The political animals at large
How can you tell which colleagues are politicking and which are not? Even if you know they are, can you tell if their political efforts are based on self interest or for the benefit of the organisation as a whole? This model provides a simple but powerful illustration that will enable you to recognise the four political animals at large in most organisations – fox, owl, donkey and sheep.
This four-animal model, developed back in the 1980s by Simon Baddeley and Kim James, provides a vivid means of differentiating between political movers within organisations.
An implied innocence underlies the sheep approach. Other words that spring to mind might be naive, easily led and loyal. They are the types who say (providing they recognise what is happening in the first place), ‘I have no time for politics’ or, ‘I don’t want to play that game.’ They believe that organisational processes and procedures should always be followed and that only the formal channels exist. They cling to the notion that the best idea or person will always win. They always observe the organisational structure and the levels of authority within it. Many of us start our working life with this viewpoint and some will even maintain it for an entire career.
Words such as stubborn and inept might sum up the donkey character, but it goes deeper than this. We have all encountered the colleague who thinks he’s on the inside track, is fond of mentioning connections to the senior staff and is convinced he plays a smart game. Sadly, this is often an illusion, and as a result donkeys can get used or taken advantage of by other, more ruthless, individuals. They also deny themselves the support and collaboration of team members when it comes to doing the job they are really paid for. This is a bitter pill to swallow for those who pride themselves on thinking they have worked out how to get ahead of others, or the organisation, in pursuit of their personal goals.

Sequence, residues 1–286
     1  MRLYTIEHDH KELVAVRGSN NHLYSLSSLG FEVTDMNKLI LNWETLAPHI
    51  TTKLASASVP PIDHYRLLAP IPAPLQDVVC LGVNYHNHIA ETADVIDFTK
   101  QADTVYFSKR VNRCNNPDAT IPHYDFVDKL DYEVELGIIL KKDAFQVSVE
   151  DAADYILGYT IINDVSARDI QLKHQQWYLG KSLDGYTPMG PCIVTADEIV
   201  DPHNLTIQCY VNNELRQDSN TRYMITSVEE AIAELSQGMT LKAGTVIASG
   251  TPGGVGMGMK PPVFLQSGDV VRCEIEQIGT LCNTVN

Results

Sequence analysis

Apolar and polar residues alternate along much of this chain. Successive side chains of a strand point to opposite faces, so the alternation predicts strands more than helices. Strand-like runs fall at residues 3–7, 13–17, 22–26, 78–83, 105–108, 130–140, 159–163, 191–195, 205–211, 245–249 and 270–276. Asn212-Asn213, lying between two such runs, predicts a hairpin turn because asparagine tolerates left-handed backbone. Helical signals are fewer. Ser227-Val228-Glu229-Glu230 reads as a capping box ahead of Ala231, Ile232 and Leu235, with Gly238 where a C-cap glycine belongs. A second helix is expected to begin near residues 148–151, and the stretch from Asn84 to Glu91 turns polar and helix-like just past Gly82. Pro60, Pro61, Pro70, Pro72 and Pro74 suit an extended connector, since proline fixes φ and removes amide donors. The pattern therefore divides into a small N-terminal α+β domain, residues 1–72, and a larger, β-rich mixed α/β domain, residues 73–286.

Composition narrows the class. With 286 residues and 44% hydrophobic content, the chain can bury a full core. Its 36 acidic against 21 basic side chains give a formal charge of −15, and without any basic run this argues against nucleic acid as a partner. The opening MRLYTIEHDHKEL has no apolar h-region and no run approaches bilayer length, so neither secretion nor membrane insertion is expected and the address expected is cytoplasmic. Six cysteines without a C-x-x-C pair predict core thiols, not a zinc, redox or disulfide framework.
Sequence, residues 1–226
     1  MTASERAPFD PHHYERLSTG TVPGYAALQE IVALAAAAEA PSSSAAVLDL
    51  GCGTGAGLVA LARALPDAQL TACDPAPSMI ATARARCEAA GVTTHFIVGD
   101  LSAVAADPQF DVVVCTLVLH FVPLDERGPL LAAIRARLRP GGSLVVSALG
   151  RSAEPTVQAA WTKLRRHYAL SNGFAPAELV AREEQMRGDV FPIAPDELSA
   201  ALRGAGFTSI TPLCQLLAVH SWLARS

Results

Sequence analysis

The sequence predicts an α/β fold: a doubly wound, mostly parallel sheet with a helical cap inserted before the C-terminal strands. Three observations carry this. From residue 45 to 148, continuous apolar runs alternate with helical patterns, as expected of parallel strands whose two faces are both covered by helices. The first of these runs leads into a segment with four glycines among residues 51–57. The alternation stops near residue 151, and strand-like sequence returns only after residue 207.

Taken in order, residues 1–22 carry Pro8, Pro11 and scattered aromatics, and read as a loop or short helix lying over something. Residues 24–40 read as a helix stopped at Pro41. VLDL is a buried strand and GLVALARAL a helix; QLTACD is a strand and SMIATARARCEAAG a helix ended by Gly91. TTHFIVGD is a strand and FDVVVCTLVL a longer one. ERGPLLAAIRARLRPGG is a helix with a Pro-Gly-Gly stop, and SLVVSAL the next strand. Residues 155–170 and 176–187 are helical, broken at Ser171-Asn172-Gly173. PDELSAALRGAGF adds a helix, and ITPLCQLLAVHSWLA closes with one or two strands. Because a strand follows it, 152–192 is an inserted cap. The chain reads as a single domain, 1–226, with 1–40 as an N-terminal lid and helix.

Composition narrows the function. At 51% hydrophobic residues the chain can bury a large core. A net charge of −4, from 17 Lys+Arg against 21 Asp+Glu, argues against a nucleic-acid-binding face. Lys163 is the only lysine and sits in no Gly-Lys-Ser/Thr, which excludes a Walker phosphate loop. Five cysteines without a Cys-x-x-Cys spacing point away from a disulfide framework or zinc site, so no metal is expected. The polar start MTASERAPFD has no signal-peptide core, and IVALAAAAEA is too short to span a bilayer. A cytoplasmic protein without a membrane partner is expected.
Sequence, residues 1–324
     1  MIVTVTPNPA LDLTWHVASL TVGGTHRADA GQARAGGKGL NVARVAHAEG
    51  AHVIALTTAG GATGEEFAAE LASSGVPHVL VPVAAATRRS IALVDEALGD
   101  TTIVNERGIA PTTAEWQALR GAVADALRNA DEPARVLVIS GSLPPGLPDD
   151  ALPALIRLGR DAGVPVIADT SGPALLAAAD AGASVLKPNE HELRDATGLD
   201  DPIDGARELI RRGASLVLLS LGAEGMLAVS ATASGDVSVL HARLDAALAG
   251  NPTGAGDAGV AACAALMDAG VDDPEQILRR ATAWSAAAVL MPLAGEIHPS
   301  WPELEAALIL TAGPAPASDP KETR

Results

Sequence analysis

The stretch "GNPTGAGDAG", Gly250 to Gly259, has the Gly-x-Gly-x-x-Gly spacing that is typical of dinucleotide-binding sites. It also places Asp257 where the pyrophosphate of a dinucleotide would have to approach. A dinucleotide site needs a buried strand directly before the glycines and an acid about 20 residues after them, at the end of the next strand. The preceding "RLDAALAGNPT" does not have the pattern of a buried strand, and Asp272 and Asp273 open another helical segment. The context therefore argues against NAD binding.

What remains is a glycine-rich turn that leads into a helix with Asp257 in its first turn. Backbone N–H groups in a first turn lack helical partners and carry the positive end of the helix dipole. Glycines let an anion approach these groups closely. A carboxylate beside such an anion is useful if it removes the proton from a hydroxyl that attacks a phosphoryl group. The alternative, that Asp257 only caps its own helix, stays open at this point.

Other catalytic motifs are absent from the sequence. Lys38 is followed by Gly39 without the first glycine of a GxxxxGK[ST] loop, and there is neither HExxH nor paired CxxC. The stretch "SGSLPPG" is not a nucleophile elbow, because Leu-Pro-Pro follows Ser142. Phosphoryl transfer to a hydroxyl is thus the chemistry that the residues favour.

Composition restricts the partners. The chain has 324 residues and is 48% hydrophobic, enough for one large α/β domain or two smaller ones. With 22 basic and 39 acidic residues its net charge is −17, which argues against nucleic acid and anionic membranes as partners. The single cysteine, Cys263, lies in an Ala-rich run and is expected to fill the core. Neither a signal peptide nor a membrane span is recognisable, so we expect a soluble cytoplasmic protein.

Cunning, sly and clever, foxes know their way around. They are really quite adept at negotiating the corridors of power, getting support and being tuned in to the bigger picture. They recognise and take advantage of the weaknesses of others in order to get ahead and further their cause. Unfortunately, it is ‘their cause’ that they invariably put first in their decisions and strategies. The objectives of the organisation tend to be neglected, even ignored when it suits.
In recent years, several major corporate failures have almost certainly been precipitated by extreme fox-like behaviour among senior managers.
Wise and highly observant, the organisational owls are well placed to succeed. They differ from the fox in that ‘succeed’ for them means positive outcomes for both themselves and the organisation. They use their highly developed networking and communication skills to generate support and build alliances. They can take the difficult decisions, but work hard to ensure that the outcomes are not counter-productive. Unlike the foxes, they are overt, and they demonstrate this by listening and disclosing appropriately. They are visible and approachable, yet powerful and focused.
No doubt you can recognise examples of these four ‘animals’ within your own organisation. They all have a place in the four-quadrant Political Intelligence model, which provides the foundation for understanding organisational politics and learning how to build appropriate skills and behaviours for effective performance.